Science Writing Renewed by Liberal Arts Collaboration

By Meghan Barrett

An international movement is growing that brings scientists and creative producers of all kinds together to communicate compelling and accurate science. The first NeuWrite project group formed in 2008 at Columbia University when neuroscience graduate student Carl Schoonover pulled together a group of scientists and writers to begin informally meeting and discussing the idea of scientific communication. Eventually, those early meetings developed into an MFA-style workshop format – the group reviewed members’ collaborations, discussed existing science-writing, and invited established science-writers to speak. What began as a group of salon meetings in the home of Stuart Firestein, chair of Columbia’s biology department, became a huge success. NeuWrite dual-bylines appear in Science, The New York Times, Scientific American, The Los Angeles Times, and more.

The relevance of the project to scientifically engaged societies means that it is quickly expanding around the globe. Chapters have already appeared at other universities and in other cities including NYU, Stanford, Boston, San Diego, and London; groups are currently in development in San Francisco, the District of Columbia, Philadelphia, Portland, and at Brown University. Each project group is slightly different. Some are strictly limited to neuroscience while others delve into all kinds of STEM, but all have the same end goal in mind – a unique collaboration focused on engaging the public in science. 

Tim Requarth, the current Director of the NeuWrite project, coordinated much of this expansion. Requarth joined the group after attending Columbia to study neuroscience in 2008 and, in 2009, took over management of the NYC group. Since then, Requarth has helped to guide new groups by teaching recruiting techniques, helping the groups make local area connections, and working with them on finding funds for NeuWrite events and materials. Requarth emphasized the importance of NeuWrite in the larger community, saying, “…by combining two very different groups of people that are often not in conversation casually with each other, you end up creating a new and higher standard of what science communication can be.”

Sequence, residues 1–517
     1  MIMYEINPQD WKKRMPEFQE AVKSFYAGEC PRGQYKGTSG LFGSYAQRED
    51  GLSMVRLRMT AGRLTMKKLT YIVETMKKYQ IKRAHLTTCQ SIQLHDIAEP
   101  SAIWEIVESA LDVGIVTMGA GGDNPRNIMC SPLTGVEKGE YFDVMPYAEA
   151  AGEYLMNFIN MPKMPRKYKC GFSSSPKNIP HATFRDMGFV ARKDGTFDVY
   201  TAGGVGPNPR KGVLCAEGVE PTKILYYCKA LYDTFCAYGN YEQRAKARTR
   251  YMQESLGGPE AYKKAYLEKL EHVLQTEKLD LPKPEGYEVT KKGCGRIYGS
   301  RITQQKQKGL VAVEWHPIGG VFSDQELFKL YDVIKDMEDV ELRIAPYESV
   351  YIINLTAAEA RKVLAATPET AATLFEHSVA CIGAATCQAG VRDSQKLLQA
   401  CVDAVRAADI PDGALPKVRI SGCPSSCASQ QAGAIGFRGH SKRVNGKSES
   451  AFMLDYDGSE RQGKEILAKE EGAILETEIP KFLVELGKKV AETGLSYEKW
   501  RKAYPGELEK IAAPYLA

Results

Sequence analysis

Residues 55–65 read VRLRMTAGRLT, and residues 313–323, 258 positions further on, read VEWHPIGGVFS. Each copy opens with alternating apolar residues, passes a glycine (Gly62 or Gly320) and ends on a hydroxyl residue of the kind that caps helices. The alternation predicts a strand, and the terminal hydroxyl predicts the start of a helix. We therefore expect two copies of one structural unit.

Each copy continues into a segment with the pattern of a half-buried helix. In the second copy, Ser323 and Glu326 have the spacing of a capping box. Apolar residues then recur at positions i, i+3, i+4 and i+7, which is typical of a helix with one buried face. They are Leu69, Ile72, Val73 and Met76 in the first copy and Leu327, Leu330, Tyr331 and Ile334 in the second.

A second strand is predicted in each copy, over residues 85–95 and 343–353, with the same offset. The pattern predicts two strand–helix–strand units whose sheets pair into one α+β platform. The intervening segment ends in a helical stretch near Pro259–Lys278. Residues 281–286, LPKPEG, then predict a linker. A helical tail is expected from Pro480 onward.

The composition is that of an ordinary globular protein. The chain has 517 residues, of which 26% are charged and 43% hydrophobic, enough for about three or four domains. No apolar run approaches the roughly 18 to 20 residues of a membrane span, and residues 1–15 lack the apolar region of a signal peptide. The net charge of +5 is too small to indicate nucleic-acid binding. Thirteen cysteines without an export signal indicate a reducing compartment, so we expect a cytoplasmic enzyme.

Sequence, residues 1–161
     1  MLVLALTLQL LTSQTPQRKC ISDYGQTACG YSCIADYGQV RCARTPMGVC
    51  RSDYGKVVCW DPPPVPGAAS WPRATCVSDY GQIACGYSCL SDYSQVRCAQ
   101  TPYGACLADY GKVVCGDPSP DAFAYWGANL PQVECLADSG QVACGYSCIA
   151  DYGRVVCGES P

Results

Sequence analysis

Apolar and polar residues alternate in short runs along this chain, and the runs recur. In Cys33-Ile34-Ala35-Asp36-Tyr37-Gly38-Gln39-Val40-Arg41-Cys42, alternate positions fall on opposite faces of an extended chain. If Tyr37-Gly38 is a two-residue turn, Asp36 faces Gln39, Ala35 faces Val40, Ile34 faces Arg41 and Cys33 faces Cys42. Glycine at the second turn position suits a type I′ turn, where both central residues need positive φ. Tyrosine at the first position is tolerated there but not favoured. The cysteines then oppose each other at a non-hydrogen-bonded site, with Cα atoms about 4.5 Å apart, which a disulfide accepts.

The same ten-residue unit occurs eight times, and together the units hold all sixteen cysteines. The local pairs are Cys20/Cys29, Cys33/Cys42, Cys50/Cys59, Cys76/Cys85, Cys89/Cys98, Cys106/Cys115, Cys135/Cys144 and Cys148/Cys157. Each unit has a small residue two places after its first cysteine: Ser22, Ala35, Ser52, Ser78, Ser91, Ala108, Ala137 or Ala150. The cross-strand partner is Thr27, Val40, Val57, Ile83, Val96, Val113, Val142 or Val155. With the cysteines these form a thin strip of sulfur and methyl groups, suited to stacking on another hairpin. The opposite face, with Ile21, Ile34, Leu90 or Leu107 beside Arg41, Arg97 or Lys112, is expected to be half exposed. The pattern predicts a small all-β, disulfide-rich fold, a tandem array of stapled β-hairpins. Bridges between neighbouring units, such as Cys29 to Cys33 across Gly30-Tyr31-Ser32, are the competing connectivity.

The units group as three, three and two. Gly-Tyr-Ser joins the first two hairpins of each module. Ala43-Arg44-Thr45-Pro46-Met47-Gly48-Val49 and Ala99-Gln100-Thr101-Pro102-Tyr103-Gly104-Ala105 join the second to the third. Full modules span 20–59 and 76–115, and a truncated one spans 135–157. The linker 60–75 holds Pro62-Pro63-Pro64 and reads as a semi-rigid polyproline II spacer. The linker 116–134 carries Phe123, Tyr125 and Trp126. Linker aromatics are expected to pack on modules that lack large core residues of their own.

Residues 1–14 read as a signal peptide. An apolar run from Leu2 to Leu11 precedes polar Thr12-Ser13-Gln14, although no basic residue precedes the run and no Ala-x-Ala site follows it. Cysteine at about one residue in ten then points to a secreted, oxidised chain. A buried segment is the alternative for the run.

Lytton Smith, assistant professor of English at SUNY Geneseo, believes this project is a goldmine for liberal arts colleges. Smith, who earned his MFA at Columbia University in 2007, piloted the first undergraduate NeuWrite chapter at Geneseo in the fall of 2015 with Distinguished Teaching Professor of Mathematics Olympia Nicodemi. Smith believes NeuWrite can help undergraduate students and writers better understand the complexity of their identities. According to Smith: “The key thing about undergraduate liberal arts education is the idea of synthesis. What is most important is that we come out with the ability to join the dots between quite different and disparate things… that’s what we need going beyond university.” 

NeuWrite also serves to help students develop their understanding of the porous nature of academic disciplines and to engage with a complex topic often on the periphery of their major studies. Ideally, Smith would like to see student work created through the NeuWrite project disseminated beyond the campus community, allowing undergraduate research and creative voices to reach a larger audience.  

Nationally, NeuWrite has produced seven original public events, totaling over 1,500 attendees. In addition to the constant collaborations of the over 250 members, NeuWrite produces two original blogs and two podcasts. 

Several ΦBK members are listed as collaborators on NeuWrite projects, including Rachel Aviv (ΦBK, Brown University, 2004), Benjamin Backus (ΦBK, Swarthmore College, 1985), Andrew Fink (ΦBK, Carleton College, 2004), Carl Fisher (ΦBK, UNC Chapel Hill, 2002), Janna Levin (ΦBK, Barnard College, 1988), Ben Lillie (ΦBK, Reed College, 2001), Grace Lindsay (ΦBK, University of Pittsburgh, 2010), Karan Mahajan (ΦBK, Stanford University, 2004), Francesca Mari (ΦBK, Harvard University, 2007), Karen Russell (ΦBK, Northwestern University, 2003), and Pat Walters (ΦBK, University of Delaware, 2006).

Meghan Barrett is a senior earning her BS in biology and creative writing at SUNY Geneseo. She is president of Alpha Delta Epsilon regional sorority and a proud member of the Alpha Delta of New York Chapter of Phi Beta Kappa at SUNY Geneseo.